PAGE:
What Is The Difference Between Cognac And Brandy?

Cognac, much like Champagne, was once a niche but respected category of French alcoholic beverages tied to a unique geographic location, and dependent on generations of local expertise and distinctive terroir. But its global popularity was blown out of proportion in the 1990s and early 2000s thanks to American rappers who made it an ultimate status symbol by name-dropping big Cognac houses like Remy Martin and Hennessy into their songs.

These days, just about everyone knows Cognac. But few people know exactly what it is, where it comes from, or how it is made. The spirit, which is made exclusively in the Cognac region of southwestern France, is actually a type of brandy. But brandy itself is a vast category with different implications depending on where it's made. Brandy is, essentially, a spirit distilled from fruit, usually (but not always) wine. But Cognac is always distilled from very specific grapes in very specific wine.

What is brandy?

Brandy is made by distilling fermented fruit juice into a liquor with an ABV of approximately 50%. Any kind of fruit can be used, but typically grapes are the most popular — it was originally known as Brandywine, after all. In the case of grape-based brandies, this means that they are technically made by distilling wine. Brandies made from other fruits (like various stone fruits, apples, or pears) are often referred to as eaux-de-vie ("water of life" in French) and are usually not aged, so they come out clear.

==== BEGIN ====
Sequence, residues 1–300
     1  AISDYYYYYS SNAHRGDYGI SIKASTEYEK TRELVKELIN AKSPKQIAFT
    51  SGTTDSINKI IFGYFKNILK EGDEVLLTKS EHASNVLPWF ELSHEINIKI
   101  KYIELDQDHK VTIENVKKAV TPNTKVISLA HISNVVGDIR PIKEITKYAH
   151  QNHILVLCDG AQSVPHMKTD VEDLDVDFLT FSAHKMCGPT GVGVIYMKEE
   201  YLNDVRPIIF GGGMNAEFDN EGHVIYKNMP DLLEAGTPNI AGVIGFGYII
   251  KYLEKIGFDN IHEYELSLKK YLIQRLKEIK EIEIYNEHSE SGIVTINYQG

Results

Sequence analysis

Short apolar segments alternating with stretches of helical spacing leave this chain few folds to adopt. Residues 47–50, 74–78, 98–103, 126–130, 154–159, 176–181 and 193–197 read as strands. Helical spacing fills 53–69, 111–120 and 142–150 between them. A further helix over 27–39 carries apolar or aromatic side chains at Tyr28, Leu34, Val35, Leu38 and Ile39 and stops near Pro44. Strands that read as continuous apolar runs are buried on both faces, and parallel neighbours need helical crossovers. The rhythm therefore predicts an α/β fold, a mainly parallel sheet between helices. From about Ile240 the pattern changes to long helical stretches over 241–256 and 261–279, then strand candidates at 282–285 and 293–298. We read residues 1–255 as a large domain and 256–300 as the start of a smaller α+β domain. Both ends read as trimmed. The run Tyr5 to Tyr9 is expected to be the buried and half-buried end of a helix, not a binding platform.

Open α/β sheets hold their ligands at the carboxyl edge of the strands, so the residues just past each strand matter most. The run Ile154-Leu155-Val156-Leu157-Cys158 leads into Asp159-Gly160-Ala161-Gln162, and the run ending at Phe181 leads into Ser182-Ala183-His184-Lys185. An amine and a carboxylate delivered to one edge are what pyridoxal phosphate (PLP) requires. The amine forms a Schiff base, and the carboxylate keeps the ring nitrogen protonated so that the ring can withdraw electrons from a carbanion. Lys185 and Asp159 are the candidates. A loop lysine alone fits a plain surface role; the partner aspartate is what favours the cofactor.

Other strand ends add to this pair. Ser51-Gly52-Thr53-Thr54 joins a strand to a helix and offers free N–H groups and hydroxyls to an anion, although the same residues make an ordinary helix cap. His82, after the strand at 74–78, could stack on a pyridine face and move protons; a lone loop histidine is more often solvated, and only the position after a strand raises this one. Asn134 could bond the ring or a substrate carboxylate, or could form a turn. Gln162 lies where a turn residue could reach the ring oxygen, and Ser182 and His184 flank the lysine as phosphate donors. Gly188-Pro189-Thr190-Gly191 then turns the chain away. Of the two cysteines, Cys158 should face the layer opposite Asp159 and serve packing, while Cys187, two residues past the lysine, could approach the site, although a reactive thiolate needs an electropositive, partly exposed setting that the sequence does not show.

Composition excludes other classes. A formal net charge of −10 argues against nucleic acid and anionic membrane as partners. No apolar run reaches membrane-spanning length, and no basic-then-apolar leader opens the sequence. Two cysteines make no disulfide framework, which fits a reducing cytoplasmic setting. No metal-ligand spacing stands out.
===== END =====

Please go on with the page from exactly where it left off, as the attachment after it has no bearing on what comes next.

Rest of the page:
Popular types of brandy include Cognac, Armagnac (which is similar to Cognac, but from a different region in France), Calvados (French apple brandy from Normandy), Applejack (American apple brandy), Grappa (Italian grape-based brandy), and Pisco (South American brandy). Tastes can vary widely depending on the base fruit, with non-grape based brandies and eaux-de-vie usually having a more clear fruit flavor, and Cognac and other aged grape brandies having a smoother, more complex flavor with sweet and spicy notes.

What is Cognac?

Cognac is a type of brandy made in the Cognac region in southwestern France. It is made from one of six white wine varietals, typically from the Ugni Blanc grape, which is twice distilled in copper pot stills called alembic charentais. Other grape varietals, like the Folle Blanche, were more popularly used before the phylloxera outbreak of the 19th century, which destroyed many native grape varietals.

After the second distillation, Cognac is aged, usually over the course of the winter — after the autumn grape harvest — and then blended according to the specifications of each Cognac house. Cognac is commonly classified according to three of four major categories: V.S. (aged a minimum of two years), V.S.O.P. (aged a minimum of four years), and X.O. (aged a minimum of six years).

Though Cognac is generally drunk on its own, it's also popular in a variety of cocktails. You might be familiar with Cognac cocktails like the Sidecar or Sazerac, or even a French 75 with Cognac, which is actually the more traditional version of the bubbly gin cocktail.